Oppedisano v. Southern CT State Univ

Filing 66

MEMORANDUM OF DECISION granting in part and denying in part 59 Motion for Summary Judgment. Signed by Judge Warren W. Eginton on 9/27/2012. (Candee, D.)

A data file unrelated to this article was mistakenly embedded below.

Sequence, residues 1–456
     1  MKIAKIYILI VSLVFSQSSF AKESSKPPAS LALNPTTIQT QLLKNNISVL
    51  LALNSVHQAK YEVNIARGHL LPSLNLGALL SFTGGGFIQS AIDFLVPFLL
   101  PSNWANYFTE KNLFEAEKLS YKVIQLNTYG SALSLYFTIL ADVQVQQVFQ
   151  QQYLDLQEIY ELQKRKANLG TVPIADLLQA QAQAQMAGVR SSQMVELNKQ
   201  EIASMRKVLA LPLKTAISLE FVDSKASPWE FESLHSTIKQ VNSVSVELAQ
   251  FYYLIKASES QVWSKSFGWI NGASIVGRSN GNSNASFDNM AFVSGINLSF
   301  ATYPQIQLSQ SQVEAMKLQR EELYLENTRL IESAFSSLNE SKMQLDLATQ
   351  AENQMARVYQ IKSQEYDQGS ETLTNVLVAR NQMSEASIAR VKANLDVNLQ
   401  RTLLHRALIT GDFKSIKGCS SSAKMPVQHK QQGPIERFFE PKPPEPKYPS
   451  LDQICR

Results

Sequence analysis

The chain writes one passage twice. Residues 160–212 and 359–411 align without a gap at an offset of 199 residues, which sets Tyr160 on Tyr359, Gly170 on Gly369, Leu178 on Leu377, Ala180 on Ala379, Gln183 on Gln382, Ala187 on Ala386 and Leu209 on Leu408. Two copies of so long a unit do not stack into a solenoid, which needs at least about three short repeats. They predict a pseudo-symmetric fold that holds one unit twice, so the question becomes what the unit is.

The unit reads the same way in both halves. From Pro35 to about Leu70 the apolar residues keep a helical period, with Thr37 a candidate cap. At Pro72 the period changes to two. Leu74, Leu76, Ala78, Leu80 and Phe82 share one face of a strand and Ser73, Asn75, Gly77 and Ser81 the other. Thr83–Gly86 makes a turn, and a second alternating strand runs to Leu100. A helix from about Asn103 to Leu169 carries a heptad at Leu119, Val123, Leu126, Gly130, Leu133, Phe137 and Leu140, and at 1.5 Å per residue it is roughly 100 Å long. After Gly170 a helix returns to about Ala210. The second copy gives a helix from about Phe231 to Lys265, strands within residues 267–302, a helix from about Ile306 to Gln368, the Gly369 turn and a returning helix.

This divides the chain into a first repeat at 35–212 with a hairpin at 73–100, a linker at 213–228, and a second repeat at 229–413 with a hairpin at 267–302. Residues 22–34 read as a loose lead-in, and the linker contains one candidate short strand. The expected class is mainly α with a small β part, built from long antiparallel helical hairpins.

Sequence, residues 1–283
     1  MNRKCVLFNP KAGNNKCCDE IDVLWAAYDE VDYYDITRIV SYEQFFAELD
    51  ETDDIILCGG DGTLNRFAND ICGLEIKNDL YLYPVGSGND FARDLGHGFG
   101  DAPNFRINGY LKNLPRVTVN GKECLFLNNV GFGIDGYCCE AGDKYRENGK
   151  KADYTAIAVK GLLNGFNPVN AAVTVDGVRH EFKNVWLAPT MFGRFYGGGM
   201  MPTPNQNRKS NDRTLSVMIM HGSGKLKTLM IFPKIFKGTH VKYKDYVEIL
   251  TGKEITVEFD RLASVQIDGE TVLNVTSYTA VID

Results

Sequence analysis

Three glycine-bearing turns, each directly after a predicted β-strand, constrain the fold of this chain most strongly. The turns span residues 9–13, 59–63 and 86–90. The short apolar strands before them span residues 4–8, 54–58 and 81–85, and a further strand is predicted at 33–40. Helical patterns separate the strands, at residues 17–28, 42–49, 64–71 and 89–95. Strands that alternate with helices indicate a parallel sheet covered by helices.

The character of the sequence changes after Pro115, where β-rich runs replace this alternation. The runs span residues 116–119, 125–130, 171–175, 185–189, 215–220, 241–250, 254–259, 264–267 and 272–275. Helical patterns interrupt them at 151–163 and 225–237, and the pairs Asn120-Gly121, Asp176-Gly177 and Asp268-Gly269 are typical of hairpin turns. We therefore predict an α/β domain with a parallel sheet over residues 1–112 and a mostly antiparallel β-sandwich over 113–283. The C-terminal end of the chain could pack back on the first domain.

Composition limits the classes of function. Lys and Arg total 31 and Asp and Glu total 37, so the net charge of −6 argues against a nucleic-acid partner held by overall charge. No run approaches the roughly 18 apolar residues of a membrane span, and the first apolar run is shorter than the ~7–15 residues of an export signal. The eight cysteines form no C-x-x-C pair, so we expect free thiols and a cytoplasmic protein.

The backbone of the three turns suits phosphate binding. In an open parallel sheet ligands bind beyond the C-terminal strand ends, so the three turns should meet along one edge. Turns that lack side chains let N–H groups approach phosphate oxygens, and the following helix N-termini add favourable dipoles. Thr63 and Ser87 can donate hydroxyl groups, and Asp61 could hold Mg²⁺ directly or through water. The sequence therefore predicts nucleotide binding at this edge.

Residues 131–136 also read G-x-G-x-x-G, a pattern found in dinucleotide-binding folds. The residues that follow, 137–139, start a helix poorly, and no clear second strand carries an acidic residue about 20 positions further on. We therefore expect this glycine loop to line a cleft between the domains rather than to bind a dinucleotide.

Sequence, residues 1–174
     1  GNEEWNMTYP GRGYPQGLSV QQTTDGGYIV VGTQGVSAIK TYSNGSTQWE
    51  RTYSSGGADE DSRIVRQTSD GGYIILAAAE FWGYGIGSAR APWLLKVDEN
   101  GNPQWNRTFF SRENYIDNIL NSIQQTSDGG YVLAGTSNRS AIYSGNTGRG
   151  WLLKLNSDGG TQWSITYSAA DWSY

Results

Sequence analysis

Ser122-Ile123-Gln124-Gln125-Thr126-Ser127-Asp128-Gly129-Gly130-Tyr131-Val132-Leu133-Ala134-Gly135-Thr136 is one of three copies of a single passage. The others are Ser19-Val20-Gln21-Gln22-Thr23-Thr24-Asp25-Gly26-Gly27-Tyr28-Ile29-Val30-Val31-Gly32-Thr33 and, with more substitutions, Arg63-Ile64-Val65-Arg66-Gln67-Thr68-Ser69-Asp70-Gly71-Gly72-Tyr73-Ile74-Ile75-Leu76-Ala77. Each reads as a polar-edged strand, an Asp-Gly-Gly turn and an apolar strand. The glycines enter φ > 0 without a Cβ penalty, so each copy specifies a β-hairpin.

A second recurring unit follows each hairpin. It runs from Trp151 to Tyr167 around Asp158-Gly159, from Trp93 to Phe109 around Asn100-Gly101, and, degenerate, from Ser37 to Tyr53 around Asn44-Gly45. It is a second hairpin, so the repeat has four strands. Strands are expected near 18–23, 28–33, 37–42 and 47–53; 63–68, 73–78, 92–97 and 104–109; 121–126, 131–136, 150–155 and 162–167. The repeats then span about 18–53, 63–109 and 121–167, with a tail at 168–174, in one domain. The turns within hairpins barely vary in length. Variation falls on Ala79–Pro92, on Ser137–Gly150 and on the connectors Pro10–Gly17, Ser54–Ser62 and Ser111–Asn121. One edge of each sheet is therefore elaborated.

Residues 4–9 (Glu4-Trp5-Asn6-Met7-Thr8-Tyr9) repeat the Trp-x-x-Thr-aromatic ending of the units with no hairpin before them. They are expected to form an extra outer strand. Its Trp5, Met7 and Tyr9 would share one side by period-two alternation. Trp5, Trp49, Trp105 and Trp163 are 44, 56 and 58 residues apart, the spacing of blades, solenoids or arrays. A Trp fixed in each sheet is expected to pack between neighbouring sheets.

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UNITED STATES DISTRICT COURT DISTRICT OF CONNECTICUT JEANNETTE OPPEDISANO, Plaintiff, : : : : : : : : v. SOUTHERN CONNECTICUT STATE UNIVERSITY Defendant. 3:07-cv-1693-WWE MEMORANDUM OF DECISION ON DEFENDANT’S MOTION FOR SUMMARY JUDGMENT Plaintiff Jeannette Oppedisano brought this action against defendant Southern Connecticut State University pursuant to Title VII of the Civil Rights Act of 1964, as amended by the Civil Rights Act of 1991, 42 U.S.C. § 2000e. Plaintiff alleges she was subjected to discrimination based on gender, marital status, and age. In addition, plaintiff claims that defendant retaliated against her for making complaints. Finally, plaintiff alleges she was subjected to a hostile working environment. Defendant has filed a motion for summary judgment on all of plaintiff’s claims. For the following reasons, defendant’s motion will be granted in part and denied in part. BACKGROUND The parties have submitted depositions, affidavits, interrogatories, and other documents that reveal the following factual background. Plaintiff was employed by defendant Southern Connecticut State University as the Chairperson of the Department of Management within the School of Business. Of the four departments within the School of Business, she was the only female chairperson. Plaintiff was also a professor of management at the School. A high level of distrust and personality conflict existed within the School of Business. This animosity lead to significant infighting and negative communications between colleagues. During plaintiff’s tenure at the School, defendant declined to consider her for the position of dean when openings became available on three separate occasions. At various times, plaintiff’s applications for sabbatical and pay increases were denied. Defendant also declined to grant plaintiff a research award for which she applied. On March 17, 2006, plaintiff filed a charge of discrimination against the Board of Trustees with the Connecticut Commission on Human Rights and Opportunities (“CHRO”). Plaintiff filed this complaint against defendant claiming discrimination, retaliation, and hostile work environment. Plaintiff’s allegations are detailed below. Plaintiff’s Allegations Plaintiff alleges that she has been subjected to an ongoing pattern of harassment, discrimination and disparate treatment and retaliation based upon her gender, marital status, age and vocal opposition to and complaints about the hostile and discriminatory environment at defendant University and the actions and agents of defendant. The following is a list of events addressed by plaintiff in her memorandum in opposition to defendant’s motion to dismiss. Plaintiff alleges that two men hired at the same time as her were given higher salaries and more research “reassign time.” However, salaries are a function of experience, demand within the field and other factors. Plaintiff does not contend that rate of pay is based solely on start date. Plaintiff alleges that SCSU’s research committee declined to give her a research award in order to avoid giving the research award to a female. However, plaintiff acknowledges in her deposition that defendant’s stated reason for declining to issue her an award was that none of her 2 book’s research was done while employed by defendant. She also stated that she did not know if awards were given every year, or how many people applied for awards. Plaintiff contends that the committee used impermissible criteria in order to justify denying her the award. However, during her deposition, plaintiff admitted that she was unaware of any award criteria. (Oppedisano Dep. at 38-43). Plaintiff alleges she encountered hostile attitudes based on gender when appointed to the women’s studies program. However, her deposition answers state that objection to plaintiff’s assignment was based on plaintiff’s time being taken away from her department. Her supervisors wanted her to be able teach a full management course-load, which she could not do as coordinator of the women’s studies program. Id. at 63-65. Plaintiff alleges that defendant made her wait for months and placed numerous obstacles in the way of giving her a private office that her role as department chair demanded. However, she became department chair in January and received a private office in March. Furthermore, plaintiff acknowledged that another male department chair did not have a private office, but discarded that instance as immaterial because, there, the department chair a friend of his officemate. Id. at 85-88, 93-95, 101. Plaintiff alleges that Dean Kraft vigorously opposed her appointment as the only female department chair. However, plaintiff’s deposition states that Dean Kraft didn’t want anyone to be appointed as the chair until he had left his position. Plaintiff further stated that she was elected as chair regardless of Dean Kraft’s opposition. Id. at 91-92 Plaintiff alleges that she, the only female department chair, was not given the same discretion and hiring authority as the other chairs. Plaintiff claims she was unfairly limited to 3 hiring only Ph.D.’s. However, in deposition, when asked whether other department chairs faced similar limitations, plaintiff responded, “I have no idea.” Id. at 121-124. Plaintiff alleges that she witnessed a male co-worker throw a pencil at a female co-worker during a meeting. At another meeting, plaintiff claims that Dr. Bhalla let Dr. Kirsch yell at her. When asked what Dr. Kirsch was yelling about, plaintiff couldn’t remember. Id. at 158-159. Plaintiff alleges that when she told people outside of the School of Business that she worked for the School of Business, they would say, “Oh my God, we’re sorry for you.” Plaintiff alleges that Dr. Bhalla referred to his secretary as “a very nice girl,” and generally referred to women as “nice girls” or “girls,” despite being told it was inappropriate. Plaintiff alleges that there were a number of instances where Dr. Kirsch had yelled at people and threatened them, but gives no specifics. Plaintiff alleges that Dean Bhalla distributed a magazine article about women crying at work throughout the School of Business. Plaintiff alleges that Dr. Lodha would inappropriately touch job applicants on the arm during secretarial searches. However, plaintiff stated in her deposition that he didn’t understand that this was not something he should do. Id. at 185-86. Plaintiff alleges that Dr. Lodha inappropriately attempted to hug her after she gave him printer ink when his department ran out. Plaintiff alleges that when Dr. Narumanchi found a female employee at the computer in his office, he started screaming at her before giving her a chance to explain that she was making necessary updates to his computer. The female employee was so scared that she reported the incident to the police. 4 Plaintiff alleges that her department, which consisted of three women and seven men, frequently refused to hire qualified female candidates. Plaintiff gave an example of a recommended candidate who was not offered a position. However, the candidate’s Ph.D. was from an unaccredited school in France. Plaintiff alleges that Dr. Prince would yell at and intimidate a female secretary from plaintiff’s department. Plaintiff alleges that she helped walk a female student through the process of filing a complaint against a professor. Plaintiff alleges that when she refused to give permission for a student to enter her course, Dr. Eldridge yelled at plaintiff in a threatening fashion. Plaintiff alleges that at a School of Business meeting, male professors made demeaning comments about other professors who had been granted research time, three out of five of whom were female. However, plaintiff was not at the meeting. Id. at 196-98. Plaintiff alleges that after she became chair, Dean Kraft began meeting only with the other department chairs (all male), while refusing to invite her to the meetings. However, in her deposition, plaintiff stated that to her knowledge, Dean Kraft didn’t have meetings with any of the chairs. “So for the time that I was chair and he was dean, we did not have meetings.” Id. at 74-75. Plaintiff alleges that when she submitted paperwork that would have allowed her department to hire more tenure-track faculty, Dean Kraft refused to move on plaintiff’s request until the deadline passed, leaving plaintiff to deal with a short-handed department. Plaintiff alleges that when she applied for the position of interim Dean in July, 2004, she 5 was refused an interview based on her age and gender. Plaintiff claims discriminatory intent can be shown by the fact that defendant interviewed a similarly situated male candidate, Dr. Andoh. However, plaintiff admitted in her deposition that she had no knowledge of any other interim candidates in the summer of 2004. Plaintiff stated, “I am unaware of [the president] considering anyone.” Id. at 143. Plaintiff alleges that when she applied for a position as Dean of the business school in 2006, she was not interviewed because of her age and gender. Defendant asserted that it was not willing to consider an internal candidate. Plaintiff argues that defendant interviewed Dr. Andoh, a male internal candidate, thus demonstrating that defendant’s proffered reason was pretextual. However, during her deposition, when asked whether Dr. Andoh applied or whether he was selected for an interview, plaintiff responded, “I don’t know.” Id. at 257. Plaintiff again applied and was denied the position of Dean in 2009. Defendant explained that the committee was looking for someone with prior experience as a dean. Plaintiff contends that her previous relevant experience at a previous school demonstrates that defendant’s proffered reason was pretextual, giving rise to an inference of discrimination. However, plaintiff does not assert that she had prior experience as a dean. More importantly, defendant hired a female dean from Western Connecticut State University. Plaintiff alleges she was discriminatorily denied a sabbatical in 2005 because a male in her department was then approved. However, a university-wide faculty committee ranked her proposal 23 out of 29. Other female candidates were awarded sabbaticals in 2005. Moreover, plaintiff was granted a sabbatical in 2007 based on that year’s rankings. Plaintiff alleges that she was discriminated against when she was denied a market pay 6 adjustment in 2005. However, both male and female colleagues received pay adjustments that year. Plaintiff has presented no evidence that the committee considered gender or age. Importantly, plaintiff was granted a $5,500 pay adjustment in 2006. She was the only person who received an adjustment that year - over male colleagues who also applied. Plaintiff was married to a professor within her department. Plaintiff alleges that she has shown facts that a reasonable jury could rely on in concluding that many of these adverse employment actions were the result of defendant discriminating against her based on her marital status. To support this claim, plaintiff points to a memo sent to her detailing defendant’s nepotism policy. Plaintiff made numerous complaints and grievances to defendant concerning the above allegations of discrimination. In addition, plaintiff filed one complaint with CHRO in March, 2006. Plaintiff claims that she was subject to adverse employment action in retaliation for making these various complaints. Plaintiff cites the above listed actions as evidence of retaliation. DISCUSSION A motion for summary judgment will be granted where there is no genuine issue as to any material fact and it is clear that the moving party is entitled to judgment as a matter of law. Celotex Corp. v. Catrett, 477 U.S. 317, 322 (1986). "Only when reasonable minds could not differ as to the import of the evidence is summary judgment proper." Bryant v. Maffucci, 923 F.2d 979, 982 (2d Cir.), cert. denied, 502 U.S. 849 (1991). The burden is on the moving party to demonstrate the absence of any material factual issue genuinely in dispute. American International Group, Inc. v. London American International 7 Corp., 664 F.2d 348, 351 (2d Cir. 1981). In determining whether a genuine factual issue exists, the court must resolve all ambiguities and draw all reasonable inferences against the moving party. Anderson v. Liberty Lobby, Inc., 477 U.S. 242, 255 (1986). If a nonmoving party has failed to make a sufficient showing on an essential element of its case with respect to which it has the burden of proof, then summary judgment is appropriate. Celotex Corp., 477 U.S. at 323. If the nonmoving party submits evidence which is "merely colorable," legally sufficient opposition to the motion for summary judgment is not met. Anderson, 477 U.S. at 249. Discrimination In Title VII cases, the plaintiff must meet the initial burden of offering evidence adequate to raise an inference of discrimination. Furnco Construction Corp. v. Waters, 438 U.S. 567, 577 (1978). Under the familiar burden shifting framework, the plaintiff bears the initial burden of demonstrating a prima facie case by showing (1) membership in a protected class; (2) satisfactory job performance; (3) adverse employment action; and (4) circumstances giving rise to an inference of discrimination. McDonnell Douglas Corp. v. Green, 411 U.S. 792, 802 (1973). After a prima facie case is made, the burden shifts to the employer to articulate a legitimate, nondiscriminatory reason for the adverse employment action, which, if proffered, places the burden on the plaintiff to demonstrate that the proffered reason is a pretext for unlawful discrimination. Id. Plaintiff is a woman over age forty, and thus is a member of a protected class. She has demonstrated satisfactory job performance. However, few of plaintiffs allegations describe behavior approaching adverse employment actions. More importantly, plaintiff has not revealed 8 the existence of evidence that gives rise to an inference of discrimination. Assuming arguendo that she has met her prima facie burden, plaintiff has not demonstrated that defendant’s proffered reasons for the adverse employment actions were mere pretext for unlawful discrimination. The prima facie element of an “adverse employment action” must be more than simply an unpleasant situation, mere inconvenience or alteration of job duties. Wanamaker v. Columbian Rope Co., 108 F.3d 462, 466 (2d Cir. 1997). “To show such an adverse action, a plaintiff must point to evidence of more than inconvenience; she must show an action that rises to the level of termination of employment, a demotion evidenced by a decrease in wage or salary, a less distinguished title, a material loss of benefits, significantly diminished material responsibilities, or other indices unique to a particular situation.” Lewis v. City of Buffalo Police Dep’t., 311 Fed. Appx. 417, 420 (2d Cir. 2009). Assuming for the sake of argument that plaintiff’s initial rate of pay and/or denial of sabbatical constitute adverse employment actions, plaintiff has not offered evidence giving rise to an inference of discrimination. Plaintiff simply points to the gender difference between herself and male employees who were awarded sabbatical or who were given higher salaries. This gender difference, on its own, is not enough to give rise to an inference of discrimination. Professor compensation at defendant University covers a broad range. The amount that each professor is paid depends on a multitude of factors including experience and demand within the field. Some female professors make more than some male professors, and vice versa. Plaintiff does not allege and has not pointed to evidence that shows a pattern of disparity of pay based on gender. Likewise, the award of sabbatical is based on a committee’s ranking of proposals. The group of twenty-two professors whose proposals outranked plaintiff’s in 2005 was sexually 9 diverse. That a particular male in plaintiff’s department was awarded sabbatical over plaintiff does not give rise to an inference of discrimination. Furthermore, plaintiff was awarded sabbatical two years later in 2007. Plaintiff also contends that she should have been selected as Dean. She alleges that defendant’s failure to interview and/or select her constituted adverse employment action resulting from gender discrimination. However, plaintiff admitted she doesn’t know whether defendant interviewed any male professors from within the school. More importantly, defendant’s decision to hire a female with prior dean experience weighs heavily against her gender discrimination claim. See Stouter v. Smithtown Central School Dist., 687 F. Supp. 2d 224, 233 (E.D.N.Y. 2010). Plaintiff has not met her burden of establishing an inference of gender discrimination with regard to defendant’s hiring processes. Disparate treatment of employees based on age has not been demonstrated. Plaintiff has submitted no evidence to show that she was discriminated against due to her age. Plaintiff’s accusation of marital status discrimination is limited to a letter she received detailing defendant’s nepotism policy. Considering that plaintiff’s husband was employed within her department, the idea that the letter constituted unlawful discrimination against married people is untenable. It is clear that no reasonable jury could find for plaintiff on her discrimination claims. Therefore, as to plaintiff’s discrimination claims, defendant’s motion for summary judgment will be granted. Retaliation To establish a prima facie case of retaliation under Title VII, a plaintiff must show “(1) that she was engaged in protected activity by opposing a practice made unlawful by Title VII; (2) 10 that the employer was aware of that activity; (3) that she suffered adverse employment action; and (4) that there was a causal connection between the protected activity and the adverse action.” Galdieri-Ambrosini v. National Realty & Development Corp., 136 F.3d 276, 292 (2d. Cir. 1998). If a plaintiff satisfies her prima facie burden, this establishes a rebuttable presumption of retaliation, and where the defendant identifies a legitimate, non-retaliatory reason for the adverse employment action, the burden shifts back to the plaintiff to show that the defendant’s articulated reason is a pretext for retaliation. See Stratton v. Dep’t for the Aging for the City of New York, 132 F.3d 869, 879 (2d Cir. 1997). Plaintiff has described a litany of unpleasant interactions over the course of her employment with defendant. As a result of some of those interactions, plaintiff filed complaints with both her employer and CHRO. As discussed above, the majority of plaintiffs allegations do not describe dealings that constitute adverse employment actions. Moreover, plaintiff has not shown any causal connection between her protected activity and any alleged retaliation. It is clear that no reasonable jury could find for plaintiff on her retaliation claims. Therefore, as to plaintiff’s retaliation claims, defendant’s motion for summary judgment will be granted. Hostile Work Environment To prevail on a claim of sexual harassment based on a hostile work environment, a plaintiff must establish two elements: “(1) that the workplace was permeated with discriminatory intimidation that was sufficiently severe or pervasive to alter the conditions of [his or] her work environment, and (2) that a specific basis exists for imputing the conduct that created the hostile environment to the employer.” Petrosino v. Bell Atl., 385 F.3d 210, 221 (2d Cir. 2004). 11 Simply put, reasonable minds could differ as to the import of the evidence in determining whether plaintiff was exposed to a hostile work environment based on her sex. Defendant’s liability depends on plaintiff showing that defendant knew or should have known about the harassment but failed to take appropriate remedial action. See Faragher v. City of Boca Raton, 524 U.S. at 775, 789 (1998). Here also, a genuine issue of material fact exists. Defendant has tried to limit the hostile work environment claim based on a statute of limitations defense. However, “in the case of a hostile work environment claim, the statute of limitations requires that only one sexually harassing act demonstrating the challenged work environment occur within 300 days of filing; once that is shown, a court and jury may consider the entire time period of the hostile environment in determining liability.” Petrosino, 385 F.3d at 221. Resolving all ambiguities and drawing all reasonable inferences against defendant, the Court finds that summary judgment on plaintiff’s hostile work environment claim is not appropriate. Therefore, as to plaintiff’s hostile work environment claim, defendant’s motion for summary judgment will be denied. CONCLUSION For the foregoing reasons, defendant’s motion for summary judgment is GRANTED as to the discrimination and retaliation claims, but DENIED as to plaintiff’s hostile work environment claim. Dated this 27th day of September, 2012 at Bridgeport, Connecticut. ________________/s/_______________________ WARREN W. EGINTON SENIOR UNITED STATES DISTRICT JUDGE 12 13